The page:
Σ in case of (a) a non-elementary and (b) an elementary homoclinic
4orbit in theR -case (dimΣ=3).
Inourinvestigationsitturnsoutthat, similarlytothesituationsencounteredinthe
cscase of hyperbolic equilibria, the relative position of W and FixR are of impor-
tance in the analysis. We call the symmetric homoclinic orbit Γ of Equation (1.1)
csnon-elementary if W intersects FixR non-transversally. Otherwise we speak
of an elementary homoclinic orbit. Mind that here, in contrast to the case of a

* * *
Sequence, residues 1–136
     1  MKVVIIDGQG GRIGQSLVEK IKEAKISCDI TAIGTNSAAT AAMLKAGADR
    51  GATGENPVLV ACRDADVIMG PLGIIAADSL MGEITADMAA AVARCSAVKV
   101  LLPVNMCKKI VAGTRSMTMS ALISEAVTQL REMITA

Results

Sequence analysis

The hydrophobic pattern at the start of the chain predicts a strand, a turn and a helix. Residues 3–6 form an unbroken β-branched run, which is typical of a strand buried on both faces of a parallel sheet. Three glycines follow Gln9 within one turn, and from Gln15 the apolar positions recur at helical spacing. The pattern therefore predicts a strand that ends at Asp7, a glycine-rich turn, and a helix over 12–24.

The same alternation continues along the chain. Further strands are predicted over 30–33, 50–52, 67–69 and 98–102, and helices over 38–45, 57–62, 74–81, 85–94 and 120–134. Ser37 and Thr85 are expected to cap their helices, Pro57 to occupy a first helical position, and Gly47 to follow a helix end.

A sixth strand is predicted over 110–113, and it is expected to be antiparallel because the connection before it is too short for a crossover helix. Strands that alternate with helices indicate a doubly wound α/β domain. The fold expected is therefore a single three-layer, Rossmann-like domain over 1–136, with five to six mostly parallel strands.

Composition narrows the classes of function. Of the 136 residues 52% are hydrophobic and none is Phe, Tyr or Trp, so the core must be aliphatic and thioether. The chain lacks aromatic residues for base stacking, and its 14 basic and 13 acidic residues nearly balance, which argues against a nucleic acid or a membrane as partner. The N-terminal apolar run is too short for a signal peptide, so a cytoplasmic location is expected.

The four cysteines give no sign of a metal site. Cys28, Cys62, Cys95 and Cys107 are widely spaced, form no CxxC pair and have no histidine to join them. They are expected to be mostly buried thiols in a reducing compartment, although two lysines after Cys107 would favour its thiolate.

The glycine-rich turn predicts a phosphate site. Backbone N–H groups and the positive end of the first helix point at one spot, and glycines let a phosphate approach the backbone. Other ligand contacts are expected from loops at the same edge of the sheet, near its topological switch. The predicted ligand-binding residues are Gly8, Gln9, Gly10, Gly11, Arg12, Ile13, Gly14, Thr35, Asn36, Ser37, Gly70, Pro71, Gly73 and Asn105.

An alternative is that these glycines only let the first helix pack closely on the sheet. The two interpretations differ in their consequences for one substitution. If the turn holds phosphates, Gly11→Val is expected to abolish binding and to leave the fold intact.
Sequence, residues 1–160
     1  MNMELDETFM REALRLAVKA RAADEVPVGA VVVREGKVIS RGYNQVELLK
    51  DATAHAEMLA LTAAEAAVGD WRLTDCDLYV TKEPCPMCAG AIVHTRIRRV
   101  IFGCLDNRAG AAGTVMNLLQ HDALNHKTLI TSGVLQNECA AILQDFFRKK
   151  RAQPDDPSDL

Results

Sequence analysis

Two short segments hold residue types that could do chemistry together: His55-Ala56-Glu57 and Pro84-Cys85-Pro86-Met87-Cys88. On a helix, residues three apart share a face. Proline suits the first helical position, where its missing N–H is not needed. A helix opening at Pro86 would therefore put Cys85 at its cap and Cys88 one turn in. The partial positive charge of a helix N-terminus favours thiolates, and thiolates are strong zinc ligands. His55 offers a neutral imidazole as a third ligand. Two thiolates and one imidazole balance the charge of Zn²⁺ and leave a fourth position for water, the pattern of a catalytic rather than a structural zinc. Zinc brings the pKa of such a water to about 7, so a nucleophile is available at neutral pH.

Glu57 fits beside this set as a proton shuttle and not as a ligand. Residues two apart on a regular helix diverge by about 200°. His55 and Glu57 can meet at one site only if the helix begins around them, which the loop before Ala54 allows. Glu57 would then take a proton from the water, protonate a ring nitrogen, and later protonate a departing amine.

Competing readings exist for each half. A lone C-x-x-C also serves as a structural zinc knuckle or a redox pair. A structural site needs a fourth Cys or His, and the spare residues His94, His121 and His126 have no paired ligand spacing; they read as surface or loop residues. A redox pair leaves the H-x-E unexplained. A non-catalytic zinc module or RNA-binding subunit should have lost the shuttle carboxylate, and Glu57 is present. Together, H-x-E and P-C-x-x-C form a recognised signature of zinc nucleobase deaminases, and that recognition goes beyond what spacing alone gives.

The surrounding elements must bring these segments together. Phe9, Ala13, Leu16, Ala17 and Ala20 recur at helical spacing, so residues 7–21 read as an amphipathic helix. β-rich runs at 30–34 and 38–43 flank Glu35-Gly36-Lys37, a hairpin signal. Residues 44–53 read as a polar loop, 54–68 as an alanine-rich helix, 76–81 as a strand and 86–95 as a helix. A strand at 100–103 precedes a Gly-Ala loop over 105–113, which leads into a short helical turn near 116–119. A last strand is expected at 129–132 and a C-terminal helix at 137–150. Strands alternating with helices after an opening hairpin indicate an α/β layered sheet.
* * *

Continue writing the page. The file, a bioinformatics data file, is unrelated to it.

hyperbolicequilibrium,anelementaryhomoclinicorbit(ingeneral)doesnotpersist
under perturbations. The pictures depicted in Figure 1.1 should give an impression
of the relative position of the manifolds that are involved. In drawing the pictures
4we restricted ourselves to vector ﬁelds inR and have only drawn the traces of the
3∼manifolds in a cross section Σ = R to the primary homoclinic orbit Γ. However,
2n+2our analysis shows that these pictures also reﬂect the essential geometry in R
for arbitraryn.
csW
sW
csu Wu λWcs sW cuW Wλ λ λW
s cu uW W Wλ λ λ cuWλ
λ λ1 2
Figure 1.2: The geometrical meaning of the parametersλ and λ in case of a non-1 2
elementary homoclinic orbit Γ
6